AU Optronics, its American subsidiary and six of its executives have been indicted in the US for taking part in a cunning scheme to fix prices on LCD display panels.
According to the US Justice Department, the indictments are just the latest move in an continuing antitrust investigation into the LCD market
It looks like the rot went all the way to the top. Amongst those facing charges are top AU Optronics executives and the outfit’s president, Lai-Juh Chen.
According to papers shown to the court AU Optronics participated in a world-wide LCD price-fixing conspiracy from 2001 to 2006, by which time the market for LCD panels was $70 billion.
Prosecutors alleged that AU Optronics officials would meet up with competing LCD makers at hotels, restaurants and cafes in Taipei. Over a couple of drinks, perhaps a dancing girl or two, they would fix LCD prices and monitor and enforce them.
Information on LCD production, shipping, supply and demand was shared at those meetings, prosecutors alleged.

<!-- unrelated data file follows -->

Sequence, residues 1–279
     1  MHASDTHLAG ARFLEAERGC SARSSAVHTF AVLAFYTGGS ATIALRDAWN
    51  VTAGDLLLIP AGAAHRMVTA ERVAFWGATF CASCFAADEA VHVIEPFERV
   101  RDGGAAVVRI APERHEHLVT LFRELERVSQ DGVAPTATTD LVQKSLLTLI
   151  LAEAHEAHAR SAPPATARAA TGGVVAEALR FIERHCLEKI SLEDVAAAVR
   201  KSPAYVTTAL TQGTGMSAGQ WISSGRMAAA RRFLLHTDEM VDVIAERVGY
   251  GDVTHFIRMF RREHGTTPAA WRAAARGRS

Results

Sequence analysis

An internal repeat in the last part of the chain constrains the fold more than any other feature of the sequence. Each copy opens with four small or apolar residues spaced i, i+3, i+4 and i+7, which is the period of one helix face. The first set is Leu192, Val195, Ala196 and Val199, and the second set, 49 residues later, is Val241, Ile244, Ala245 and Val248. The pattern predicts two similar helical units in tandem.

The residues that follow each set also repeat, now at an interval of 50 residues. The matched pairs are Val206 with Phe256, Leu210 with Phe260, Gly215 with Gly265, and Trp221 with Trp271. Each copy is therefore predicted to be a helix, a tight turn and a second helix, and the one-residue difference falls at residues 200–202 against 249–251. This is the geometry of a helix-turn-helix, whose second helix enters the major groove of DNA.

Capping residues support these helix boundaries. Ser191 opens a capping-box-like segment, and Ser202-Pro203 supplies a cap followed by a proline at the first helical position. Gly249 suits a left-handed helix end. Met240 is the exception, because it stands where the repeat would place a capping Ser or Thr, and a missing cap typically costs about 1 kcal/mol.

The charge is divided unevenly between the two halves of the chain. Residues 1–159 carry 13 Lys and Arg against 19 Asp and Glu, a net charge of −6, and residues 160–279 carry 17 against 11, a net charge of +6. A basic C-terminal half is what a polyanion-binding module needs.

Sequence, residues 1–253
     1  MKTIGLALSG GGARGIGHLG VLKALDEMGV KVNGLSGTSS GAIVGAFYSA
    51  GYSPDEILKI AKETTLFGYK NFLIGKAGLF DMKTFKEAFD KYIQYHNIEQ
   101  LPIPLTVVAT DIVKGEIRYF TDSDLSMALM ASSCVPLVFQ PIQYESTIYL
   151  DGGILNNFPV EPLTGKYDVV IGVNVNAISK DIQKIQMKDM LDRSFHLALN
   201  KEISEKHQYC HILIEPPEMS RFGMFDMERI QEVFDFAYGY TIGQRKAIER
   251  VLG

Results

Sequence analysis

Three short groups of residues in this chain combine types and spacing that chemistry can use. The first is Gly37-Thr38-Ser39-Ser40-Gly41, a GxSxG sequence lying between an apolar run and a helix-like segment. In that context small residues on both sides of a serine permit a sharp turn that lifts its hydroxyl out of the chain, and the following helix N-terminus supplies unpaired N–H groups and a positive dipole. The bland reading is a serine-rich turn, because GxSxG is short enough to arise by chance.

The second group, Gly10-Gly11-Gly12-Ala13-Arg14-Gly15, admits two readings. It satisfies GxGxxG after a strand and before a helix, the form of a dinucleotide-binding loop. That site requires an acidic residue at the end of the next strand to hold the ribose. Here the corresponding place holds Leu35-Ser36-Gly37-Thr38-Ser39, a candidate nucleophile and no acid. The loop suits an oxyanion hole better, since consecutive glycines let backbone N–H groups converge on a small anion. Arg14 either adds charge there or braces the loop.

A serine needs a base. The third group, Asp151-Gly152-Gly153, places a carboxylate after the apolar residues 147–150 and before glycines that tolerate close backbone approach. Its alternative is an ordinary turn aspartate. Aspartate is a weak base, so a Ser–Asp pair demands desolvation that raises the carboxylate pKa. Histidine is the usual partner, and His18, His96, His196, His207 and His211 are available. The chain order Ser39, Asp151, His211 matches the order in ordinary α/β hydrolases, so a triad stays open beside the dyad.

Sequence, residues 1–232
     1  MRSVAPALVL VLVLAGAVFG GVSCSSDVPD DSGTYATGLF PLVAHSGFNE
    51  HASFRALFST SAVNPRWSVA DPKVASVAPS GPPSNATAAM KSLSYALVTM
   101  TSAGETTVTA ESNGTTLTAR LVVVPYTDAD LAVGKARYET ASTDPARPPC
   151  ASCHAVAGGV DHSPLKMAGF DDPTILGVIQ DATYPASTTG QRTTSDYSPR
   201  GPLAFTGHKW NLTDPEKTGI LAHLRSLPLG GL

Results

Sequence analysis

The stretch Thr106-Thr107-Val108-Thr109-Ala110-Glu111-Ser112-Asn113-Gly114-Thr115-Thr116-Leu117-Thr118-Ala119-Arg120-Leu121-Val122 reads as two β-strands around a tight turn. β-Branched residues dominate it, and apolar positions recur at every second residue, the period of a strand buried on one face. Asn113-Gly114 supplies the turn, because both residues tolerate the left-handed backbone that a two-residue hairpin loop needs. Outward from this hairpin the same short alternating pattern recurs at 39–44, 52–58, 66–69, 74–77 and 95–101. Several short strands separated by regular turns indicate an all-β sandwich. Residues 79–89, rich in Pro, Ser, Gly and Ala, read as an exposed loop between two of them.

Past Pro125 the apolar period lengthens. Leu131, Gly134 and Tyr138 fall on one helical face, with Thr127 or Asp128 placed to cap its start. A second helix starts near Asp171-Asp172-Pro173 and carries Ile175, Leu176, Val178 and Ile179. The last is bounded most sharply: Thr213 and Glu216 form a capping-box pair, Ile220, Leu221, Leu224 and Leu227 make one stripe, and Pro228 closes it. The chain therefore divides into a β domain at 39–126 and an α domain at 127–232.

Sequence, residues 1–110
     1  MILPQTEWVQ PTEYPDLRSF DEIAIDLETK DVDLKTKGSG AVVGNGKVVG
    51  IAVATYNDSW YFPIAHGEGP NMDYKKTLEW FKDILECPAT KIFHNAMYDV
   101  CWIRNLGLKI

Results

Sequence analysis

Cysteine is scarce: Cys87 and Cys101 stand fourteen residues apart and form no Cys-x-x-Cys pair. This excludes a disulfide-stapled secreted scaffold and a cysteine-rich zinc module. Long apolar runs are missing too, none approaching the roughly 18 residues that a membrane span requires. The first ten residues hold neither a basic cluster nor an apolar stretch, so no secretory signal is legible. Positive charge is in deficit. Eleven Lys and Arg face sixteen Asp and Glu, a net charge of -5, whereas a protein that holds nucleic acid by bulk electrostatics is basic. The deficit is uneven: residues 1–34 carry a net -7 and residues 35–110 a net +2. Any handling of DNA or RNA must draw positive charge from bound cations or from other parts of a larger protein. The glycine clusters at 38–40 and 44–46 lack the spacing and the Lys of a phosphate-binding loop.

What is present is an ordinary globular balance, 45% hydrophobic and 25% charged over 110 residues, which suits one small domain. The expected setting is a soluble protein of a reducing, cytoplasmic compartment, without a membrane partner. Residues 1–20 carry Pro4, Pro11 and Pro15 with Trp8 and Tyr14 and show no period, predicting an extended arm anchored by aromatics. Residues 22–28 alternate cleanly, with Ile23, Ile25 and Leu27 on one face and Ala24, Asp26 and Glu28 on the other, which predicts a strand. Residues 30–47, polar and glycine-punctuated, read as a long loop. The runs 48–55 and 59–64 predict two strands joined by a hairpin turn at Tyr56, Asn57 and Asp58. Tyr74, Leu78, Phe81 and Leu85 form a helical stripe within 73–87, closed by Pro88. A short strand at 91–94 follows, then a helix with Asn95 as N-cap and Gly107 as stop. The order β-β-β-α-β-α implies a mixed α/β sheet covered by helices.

Apparently companies involved in the meetings became increasingly worried about being caught by their customers. They decided it would be a good idea to quit meeting in groups and instead instructed their lower-level employees to conduct the information exchanges.
Employees at the company’s US based subsidiary in Houston were told to discuss and confirm pricing arrangements with other LCD makers in the Land of the Free.
Six other companies have pleaded guilty to fixing prices and have paid criminal fines totalling more than $860 million.These include LG Display, Sharp, Chunghwa Picture Tubes, Seiko Epson, Hitachi and Chi Mei Optoelectronics.
More than 17 executives from LCD companies have been charged in the investigation. The first charges in the case were announced in 2008.
AU Optronics, based in the Hsinchu science park in Taiwan said that it will defend itself against the charges. It issued this statement: ” AUO has cooperated with the DOJ and other authorities in their investigations of the TFT-LCD industry since they began in December of 2006 and is disappointed with the DOJ’s action today.
“When institutions are confronted with allegations of wrongdoing, it is tempting to look for someone to blame, even its own managers or employees. Regardless of what others may do, that is not the way AUO does business and is not the path it chooses now.
“AUO believes the facts of the case do not warrant such charges, as shown, among others, by the intense competition within the industry which has benefited consumers as shown by the steep decline in prices over the years for TFT-LCD panels.”